Years Married: 49 as of June 3, 2015. Next year we’ll be officially old! At least we used to think people were old when they celebrated their 50th. Our perspective has changed somewhat!
Location: Shelby, Montana (Jerry grew up in Canada, Carol in Idaho)
Kids: We have 6 children. Four sons and two daughters, and now that many in-law children as well. We also have 23 grandchildren, with one on the way, and 1 great-grandchild.
Occupations: We are retired, but we still run our own lawn business. We have a contract with the LDS church to do nine buildings, and that requires us to travel nearly 600 miles a week! When we began, we were doing seventeen church properties a week, working four and a half days a week, and traveling over 1100 miles every week, but we have been downsizing a little each year over the past three years. We enjoy the work, but due to age and a few health concerns, this will likely be our last year. Before that, Jerry was the Parks and Recreation Director for Shelby, as well as a bus driver for the Shelby School District. Carol was a stay-at-home mom until the kids were all in school, and then she was a substitute teacher, and later a bus driver as well.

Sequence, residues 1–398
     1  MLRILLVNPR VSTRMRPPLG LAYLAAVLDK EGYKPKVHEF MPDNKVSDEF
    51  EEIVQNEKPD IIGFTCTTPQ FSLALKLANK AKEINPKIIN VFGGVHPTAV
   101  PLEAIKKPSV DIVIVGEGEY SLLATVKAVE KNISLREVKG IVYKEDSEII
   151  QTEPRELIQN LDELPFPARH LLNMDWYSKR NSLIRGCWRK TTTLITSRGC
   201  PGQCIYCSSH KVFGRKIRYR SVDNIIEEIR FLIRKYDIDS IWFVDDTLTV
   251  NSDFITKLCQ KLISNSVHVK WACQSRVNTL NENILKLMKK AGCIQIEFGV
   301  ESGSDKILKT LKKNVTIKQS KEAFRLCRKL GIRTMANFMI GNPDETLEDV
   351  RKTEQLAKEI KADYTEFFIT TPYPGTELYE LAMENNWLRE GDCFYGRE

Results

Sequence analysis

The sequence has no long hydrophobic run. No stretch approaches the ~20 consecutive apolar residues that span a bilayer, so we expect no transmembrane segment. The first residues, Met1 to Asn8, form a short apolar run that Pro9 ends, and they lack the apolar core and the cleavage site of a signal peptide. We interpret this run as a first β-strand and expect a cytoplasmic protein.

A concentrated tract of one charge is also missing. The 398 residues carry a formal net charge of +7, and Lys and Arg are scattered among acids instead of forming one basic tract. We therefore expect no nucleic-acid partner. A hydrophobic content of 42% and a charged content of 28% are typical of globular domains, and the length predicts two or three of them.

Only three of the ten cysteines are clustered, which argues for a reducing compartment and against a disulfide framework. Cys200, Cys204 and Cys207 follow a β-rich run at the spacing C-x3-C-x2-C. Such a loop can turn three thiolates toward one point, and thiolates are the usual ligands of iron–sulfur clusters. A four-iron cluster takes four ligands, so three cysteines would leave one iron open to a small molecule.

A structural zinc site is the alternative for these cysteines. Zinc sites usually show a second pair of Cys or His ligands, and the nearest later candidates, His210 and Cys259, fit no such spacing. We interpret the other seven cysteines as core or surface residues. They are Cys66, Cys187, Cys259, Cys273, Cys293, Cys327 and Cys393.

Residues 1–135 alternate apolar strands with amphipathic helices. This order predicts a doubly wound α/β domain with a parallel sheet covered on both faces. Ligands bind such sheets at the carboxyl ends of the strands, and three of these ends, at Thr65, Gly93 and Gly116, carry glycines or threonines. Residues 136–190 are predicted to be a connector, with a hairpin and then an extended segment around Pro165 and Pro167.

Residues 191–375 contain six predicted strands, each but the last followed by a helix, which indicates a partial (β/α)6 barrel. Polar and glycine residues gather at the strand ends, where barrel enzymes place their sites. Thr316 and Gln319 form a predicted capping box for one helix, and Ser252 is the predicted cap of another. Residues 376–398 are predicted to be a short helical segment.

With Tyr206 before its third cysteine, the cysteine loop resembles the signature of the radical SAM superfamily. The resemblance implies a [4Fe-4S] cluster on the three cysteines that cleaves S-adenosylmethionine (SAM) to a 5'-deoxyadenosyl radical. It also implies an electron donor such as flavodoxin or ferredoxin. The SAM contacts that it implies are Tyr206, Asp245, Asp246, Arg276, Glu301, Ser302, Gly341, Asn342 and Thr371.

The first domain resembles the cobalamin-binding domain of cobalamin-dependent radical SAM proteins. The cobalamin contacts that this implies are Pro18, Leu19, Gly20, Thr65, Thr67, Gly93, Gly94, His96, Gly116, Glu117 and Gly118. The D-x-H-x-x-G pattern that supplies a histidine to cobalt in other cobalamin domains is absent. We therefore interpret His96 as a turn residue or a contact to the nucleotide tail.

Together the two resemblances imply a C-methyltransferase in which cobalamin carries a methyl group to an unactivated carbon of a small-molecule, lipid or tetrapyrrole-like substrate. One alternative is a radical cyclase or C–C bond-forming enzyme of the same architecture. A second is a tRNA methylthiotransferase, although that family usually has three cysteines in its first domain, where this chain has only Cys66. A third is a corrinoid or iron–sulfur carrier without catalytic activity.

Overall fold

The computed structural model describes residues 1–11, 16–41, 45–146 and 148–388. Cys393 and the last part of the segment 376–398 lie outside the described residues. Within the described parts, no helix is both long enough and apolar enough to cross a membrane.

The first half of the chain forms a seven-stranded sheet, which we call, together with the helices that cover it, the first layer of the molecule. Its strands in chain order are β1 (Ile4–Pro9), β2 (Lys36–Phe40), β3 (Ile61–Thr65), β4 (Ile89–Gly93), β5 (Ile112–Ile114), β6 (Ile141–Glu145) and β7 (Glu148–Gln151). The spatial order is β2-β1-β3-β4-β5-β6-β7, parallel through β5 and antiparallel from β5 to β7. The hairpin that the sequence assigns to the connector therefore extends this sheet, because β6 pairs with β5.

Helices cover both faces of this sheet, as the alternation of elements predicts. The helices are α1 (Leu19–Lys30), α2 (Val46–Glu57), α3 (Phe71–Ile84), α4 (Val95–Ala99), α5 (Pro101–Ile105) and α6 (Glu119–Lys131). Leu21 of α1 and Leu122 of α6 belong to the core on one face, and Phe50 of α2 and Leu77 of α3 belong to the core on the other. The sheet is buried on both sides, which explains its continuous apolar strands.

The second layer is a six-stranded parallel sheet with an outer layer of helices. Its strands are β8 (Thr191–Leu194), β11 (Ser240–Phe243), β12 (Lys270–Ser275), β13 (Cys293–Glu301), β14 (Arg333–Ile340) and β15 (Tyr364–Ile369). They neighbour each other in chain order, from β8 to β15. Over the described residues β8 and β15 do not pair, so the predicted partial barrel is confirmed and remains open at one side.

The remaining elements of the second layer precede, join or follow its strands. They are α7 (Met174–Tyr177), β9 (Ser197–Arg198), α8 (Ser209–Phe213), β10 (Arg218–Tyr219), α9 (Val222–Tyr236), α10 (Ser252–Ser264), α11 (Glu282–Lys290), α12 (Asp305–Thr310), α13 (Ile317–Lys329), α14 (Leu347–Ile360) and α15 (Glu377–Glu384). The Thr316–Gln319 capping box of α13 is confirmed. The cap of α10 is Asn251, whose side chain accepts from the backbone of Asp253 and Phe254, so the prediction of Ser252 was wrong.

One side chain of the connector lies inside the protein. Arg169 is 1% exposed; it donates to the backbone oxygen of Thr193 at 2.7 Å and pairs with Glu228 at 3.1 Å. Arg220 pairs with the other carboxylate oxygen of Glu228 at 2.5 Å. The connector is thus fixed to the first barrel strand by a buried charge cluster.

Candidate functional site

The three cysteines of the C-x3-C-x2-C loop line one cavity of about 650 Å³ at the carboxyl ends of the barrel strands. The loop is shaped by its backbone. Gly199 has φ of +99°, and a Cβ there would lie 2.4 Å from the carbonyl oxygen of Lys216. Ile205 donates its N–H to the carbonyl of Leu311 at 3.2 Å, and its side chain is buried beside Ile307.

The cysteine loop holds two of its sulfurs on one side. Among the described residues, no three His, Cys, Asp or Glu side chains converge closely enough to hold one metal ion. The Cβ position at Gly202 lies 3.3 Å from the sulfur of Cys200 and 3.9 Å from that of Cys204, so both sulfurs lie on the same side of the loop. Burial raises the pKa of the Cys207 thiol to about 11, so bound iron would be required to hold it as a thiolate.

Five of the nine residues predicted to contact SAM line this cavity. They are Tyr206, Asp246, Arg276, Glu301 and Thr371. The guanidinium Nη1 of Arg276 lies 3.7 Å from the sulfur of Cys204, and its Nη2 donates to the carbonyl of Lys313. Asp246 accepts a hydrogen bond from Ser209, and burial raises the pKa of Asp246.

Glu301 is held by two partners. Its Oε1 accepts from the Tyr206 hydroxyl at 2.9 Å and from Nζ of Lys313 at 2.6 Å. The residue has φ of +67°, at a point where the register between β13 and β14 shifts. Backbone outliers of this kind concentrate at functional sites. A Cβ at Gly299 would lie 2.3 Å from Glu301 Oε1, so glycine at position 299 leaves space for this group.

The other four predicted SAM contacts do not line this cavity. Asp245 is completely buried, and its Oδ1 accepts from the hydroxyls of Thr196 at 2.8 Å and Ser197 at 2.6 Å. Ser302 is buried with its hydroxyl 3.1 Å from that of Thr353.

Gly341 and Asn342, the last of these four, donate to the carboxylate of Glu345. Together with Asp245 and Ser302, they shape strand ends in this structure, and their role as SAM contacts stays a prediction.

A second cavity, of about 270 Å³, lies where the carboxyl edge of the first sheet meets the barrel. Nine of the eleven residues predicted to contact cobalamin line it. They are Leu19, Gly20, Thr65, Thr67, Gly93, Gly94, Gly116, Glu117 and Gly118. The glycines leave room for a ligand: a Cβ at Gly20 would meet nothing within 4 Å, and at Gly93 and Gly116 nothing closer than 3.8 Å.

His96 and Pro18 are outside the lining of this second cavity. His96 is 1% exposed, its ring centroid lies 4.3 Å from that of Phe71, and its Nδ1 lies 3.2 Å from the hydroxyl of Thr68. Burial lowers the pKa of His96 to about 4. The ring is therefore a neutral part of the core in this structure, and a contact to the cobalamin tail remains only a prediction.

Hobbies/Interests: We love spending time with our family when we can. We also enjoy movies (when there are any decent ones to see!), and going out to eat. We used to do a lot of camping, but not now. We also enjoy concerts, etc. when something good comes to Great Falls. Carol likes to quilt and knit, and Jerry watches lots of old westerns. When we travel I (Carol) read while Jerry does most of the driving, because there’s lots of miles between everywhere in Montana, and the reading makes them go by faster. I'm the “book on tape,” and we’ve enjoyed many books this way.
Favorite flavor of ice cream: Jerry - Cookies N' Cream or Vanilla with various toppings; Carol - Some sort of cheesecake flavor... but both of us really like a coconut ice cream we’ve found at a couple of little stores in Montana!
Q. What are some of the little things you do for each other to express your love and appreciation?